Business Buyers and Sellers and their Brokers may face an unusual stall on closing their deals due to the federal government shut down.
GABB President Dean Burnette says, “I’m in the final stages of closing a deal right now. Fortunately, our SBA Lender got an authorization number the night before the shut down so we will receive our funds.”
The Small Business Administration halted its program supporting 7(a) loans for working capital and 504 loans for commercial properties on December 22, the day the government shutdown began, The Washington Post reports. Usually, the SBA manages about 200 loans for working capital and 120 loans for commercial properties per day, amounting to roughly $200 million worth of loans every day for small and midsize businesses, according to a report on Inc. Currently, only funds for disaster-related loans remain active. The Post also reported that Linda McMahon, head of the Small Business Administration, has plans in place to expedite loans as soon as the government opens again, citing and unnamed source.
SBA Loans usually take at least four weeks to process, Burnette said. “Chances are if you are just at the stage of applying for the loan, and you’re working with a Preferred SBA Lender, you may not experience any delay.”
Susan J. Kite, vice president and SBA Business Development Officer of Renasant Bank, said an experienced Preferred Lender (PLP) does not need to go to the SBA until just prior to closing to get a loan number. Most lenders went ahead and got the loan numbers for their approved loans prior to the shutdown, so those loans will not be affected, said Kite, a GABB affiliate member. It is not unusual to take 60 to 90 days for an SBA request to be processed and closed. Depending on where your deal is on that spectrum, you may or may not be delayed, Kite said.
Claudia Wilson, Senior Vice President of SBA Lending for First Landmark Bank, said it’s “business as usual, unless you need a SBA loan number (SBA approval) to close a loan. We are accepting applications, can process them and prepare them for closing.”
Suggestions from Kite for Business Brokers during the shutdown:
- Work with an experienced PLP lender.
- Set realistic expectations with the Buyer and Seller as to when their deal would normally close and the implications if the shutdown drags on past that date.
- Let Sellers and Buyers know that they will need to keep their financial information updated, especially in regards to Seller and Buyer’s Affiliate interim business financials and Buyer personal financials.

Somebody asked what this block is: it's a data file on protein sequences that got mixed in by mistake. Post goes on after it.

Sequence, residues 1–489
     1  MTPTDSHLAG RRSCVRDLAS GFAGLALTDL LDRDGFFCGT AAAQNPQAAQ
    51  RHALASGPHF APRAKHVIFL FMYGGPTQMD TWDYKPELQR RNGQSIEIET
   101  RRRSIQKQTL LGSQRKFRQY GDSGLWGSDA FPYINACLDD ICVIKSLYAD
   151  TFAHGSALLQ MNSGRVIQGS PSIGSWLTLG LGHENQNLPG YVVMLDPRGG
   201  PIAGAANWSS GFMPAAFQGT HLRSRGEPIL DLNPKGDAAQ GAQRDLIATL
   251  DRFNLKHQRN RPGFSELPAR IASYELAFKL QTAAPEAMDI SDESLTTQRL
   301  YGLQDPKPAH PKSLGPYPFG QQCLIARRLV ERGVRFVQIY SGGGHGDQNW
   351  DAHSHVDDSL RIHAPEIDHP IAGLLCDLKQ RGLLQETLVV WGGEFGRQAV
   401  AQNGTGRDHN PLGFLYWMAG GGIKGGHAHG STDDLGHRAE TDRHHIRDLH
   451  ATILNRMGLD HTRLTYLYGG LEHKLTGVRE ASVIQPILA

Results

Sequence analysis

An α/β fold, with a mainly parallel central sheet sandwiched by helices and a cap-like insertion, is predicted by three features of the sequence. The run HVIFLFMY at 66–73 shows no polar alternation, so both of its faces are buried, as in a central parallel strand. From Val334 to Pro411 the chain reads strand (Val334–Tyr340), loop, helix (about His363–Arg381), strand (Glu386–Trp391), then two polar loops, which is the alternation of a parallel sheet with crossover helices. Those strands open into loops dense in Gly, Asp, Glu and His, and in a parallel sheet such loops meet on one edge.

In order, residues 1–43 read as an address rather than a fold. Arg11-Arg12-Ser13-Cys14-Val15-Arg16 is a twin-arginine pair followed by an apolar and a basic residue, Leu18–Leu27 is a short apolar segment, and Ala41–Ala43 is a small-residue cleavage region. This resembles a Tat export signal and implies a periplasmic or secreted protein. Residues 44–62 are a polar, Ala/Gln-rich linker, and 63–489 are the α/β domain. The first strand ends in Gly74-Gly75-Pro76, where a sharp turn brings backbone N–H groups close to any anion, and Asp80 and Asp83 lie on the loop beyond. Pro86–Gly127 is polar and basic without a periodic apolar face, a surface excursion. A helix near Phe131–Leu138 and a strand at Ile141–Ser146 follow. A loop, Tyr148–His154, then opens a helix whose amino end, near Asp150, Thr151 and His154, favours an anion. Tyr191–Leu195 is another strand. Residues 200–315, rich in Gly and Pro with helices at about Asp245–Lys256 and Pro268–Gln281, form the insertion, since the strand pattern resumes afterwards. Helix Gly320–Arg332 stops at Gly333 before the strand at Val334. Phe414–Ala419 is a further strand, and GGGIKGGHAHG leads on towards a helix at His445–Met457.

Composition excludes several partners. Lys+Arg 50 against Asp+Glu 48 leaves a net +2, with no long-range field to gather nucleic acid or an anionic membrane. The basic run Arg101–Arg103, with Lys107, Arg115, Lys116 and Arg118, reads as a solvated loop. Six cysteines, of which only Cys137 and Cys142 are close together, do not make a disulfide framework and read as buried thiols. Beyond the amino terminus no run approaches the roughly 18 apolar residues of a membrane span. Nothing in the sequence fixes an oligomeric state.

- If a short-term loan is mandatory, work with your lender on the best alternative – since this changes the SBA loan to a debt refinance with different rules.
GABB member Leigh Milton, senior vice president of CenterState Bank, said brokers should “treat this shutdown like you still have a hard closing date. Moving towards the goal of getting all the docs ready to close always seems to preserve momentum. Be ready to go when this turns around.”
- prepare the buyer and seller to get updates sent dated within the last 60-90 days if possible to give yourself some cushion.
- While you can close with an SBA loan number issued prior to the shutdown, if there are any changes or corrections to the authorization, you will probably have to wait until the shutdown ends to get these changes approved and close. PLP changes made under the guidance of the “loan matrix” are allowed.
- Don’t forget to finalize items like life insurance during the delay as these items can hold up closings and but having them in place takes them off the checklist. Work your checklist and it should pay off when things finally get back to “normal”!
Wilson said a “bridge” or “interim” loan may be made available by PLP lenders only but it is up to the lender’s discretion. “I think this would be permitted under limited circumstances since the loan would be made at the lender’s risk of not receiving the SBA guaranty. The lender would have 90 days from approval of the interim loan to obtain a SBA loan number,” Wilson said.
“Although the Government shutdown is certainly not ideal, for those of us who have been in SBA lending for a while, we have weathered this storm before,” said David K. Brindley, Vice President, Business Development Officer of SBA Lending at United Community Bank. “So my advice to lenders, Brokers, Buyers and Sellers is to stay calm, don’t panic, hang in there and keep moving forward with business as usual.”